Can private sector play supportive role in education?

01Aug 2016
The Guardian Reporter
The Guardian
Can private sector play supportive role in education?

Access to education is considered a basic human right and the role of the state in delivering this right is legally codified in international rights treaties including the Convention on the Rights of the Child.

Yet, states throughout developing countries face persistent budgetary and institutional constraints that plague both the coverage and quality of education services limiting the fulfillment of this right.

Capacity constraints coupled with the increasing demand for education have resulted in an increase in the number of private actors (businesses, NGOs, faith-based organisations and civil society) engaged in service delivery. This has largely been in the form of privately-funded and privately-owned schools and the provision of ancillary services such as the provision of food and transport services. Recent years have seen the introduction of more sophisticated forms of private involvement in education.

There is an ongoing debate about private education, notably for-profit education, leading to the commercialisation of the education sector despite the fact that it is recognised as a public good. This article highlights contribution of private sector in education provision.

The growing private sector involvement in education systems during the last decade, has contributed to changing the way education is governed, funded and provided. Policies involving education privatisation, including public-private partnerships, vouchers, charters and low-fee private schools are increasingly being promoted to expand educational access and improve learning outcomes through increased choice and competition.

There is considerable evidence that education privatisation inhibits equity of access and participation, reduces education to a commodity versus a public good, and infringes on education as a human right.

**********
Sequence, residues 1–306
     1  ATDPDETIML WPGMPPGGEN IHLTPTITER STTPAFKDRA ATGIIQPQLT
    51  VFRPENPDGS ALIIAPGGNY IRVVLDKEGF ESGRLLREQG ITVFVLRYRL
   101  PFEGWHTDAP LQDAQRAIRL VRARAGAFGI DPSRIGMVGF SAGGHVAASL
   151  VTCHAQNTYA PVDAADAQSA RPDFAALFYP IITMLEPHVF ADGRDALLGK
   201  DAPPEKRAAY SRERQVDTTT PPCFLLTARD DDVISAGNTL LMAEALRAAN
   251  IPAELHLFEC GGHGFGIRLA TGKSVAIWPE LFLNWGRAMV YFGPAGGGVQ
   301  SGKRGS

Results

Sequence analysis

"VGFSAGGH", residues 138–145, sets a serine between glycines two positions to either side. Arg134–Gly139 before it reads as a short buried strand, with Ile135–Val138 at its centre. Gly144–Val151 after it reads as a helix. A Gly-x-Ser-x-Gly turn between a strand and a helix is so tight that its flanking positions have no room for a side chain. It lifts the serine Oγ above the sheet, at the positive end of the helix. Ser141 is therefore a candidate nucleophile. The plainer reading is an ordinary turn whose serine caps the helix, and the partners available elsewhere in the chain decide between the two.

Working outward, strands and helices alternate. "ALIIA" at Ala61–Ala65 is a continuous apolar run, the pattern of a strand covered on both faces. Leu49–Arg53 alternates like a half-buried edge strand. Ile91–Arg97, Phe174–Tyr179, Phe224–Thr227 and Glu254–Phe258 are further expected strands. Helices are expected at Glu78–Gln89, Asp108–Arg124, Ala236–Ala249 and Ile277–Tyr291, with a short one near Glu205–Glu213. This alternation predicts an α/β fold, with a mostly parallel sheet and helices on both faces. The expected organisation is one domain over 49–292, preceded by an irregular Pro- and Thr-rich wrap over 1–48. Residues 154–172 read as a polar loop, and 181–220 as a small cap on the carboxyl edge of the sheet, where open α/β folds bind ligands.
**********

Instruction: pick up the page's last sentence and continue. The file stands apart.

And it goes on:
Most parents believe education is the answer to their children leading a more prosperous life. But does it matter if education is provided by the government or the private sector? What is the role of the government in ensuring access to quality education?

According to the Guardian (UK), a good public education system means public spending, but not necessarily public provision. In OECD countries, more than 20percent of public education expenditure goes to private institutions:

communities, non-governmental organisations (NGOs), faith-based organisations, trade unions, private companies, small informal providers and individual practitioners, and about 12 percent is spent on privately-managed institutions.
But does private participation mean higher quality education? Does it bring better exam results? Can it encourage greater equality?

Evidence shows that in the independent sector, where schools depend on fees, it is often the case that once you control for family background; the actual benefits of private schooling disappear. But in systems where access is not limited by selection or wealth, privately-managed schools can contribute to better outcomes.

In the Netherlands, 70 percent of enrolments are in ‘private’ schools that receive a fixed amount of government funding per student (with extra funding for disadvantaged students). On average, families tend to be from a lower social class than those of pupils attending ‘public’ schools, and yet test scores achieved are higher. The level of choice offered appears to provide incentives for Dutch schools to keep improving.

Japanese high schools use private tuition support, which has been shown to lower drop-out rates among students taking less academic study pathways.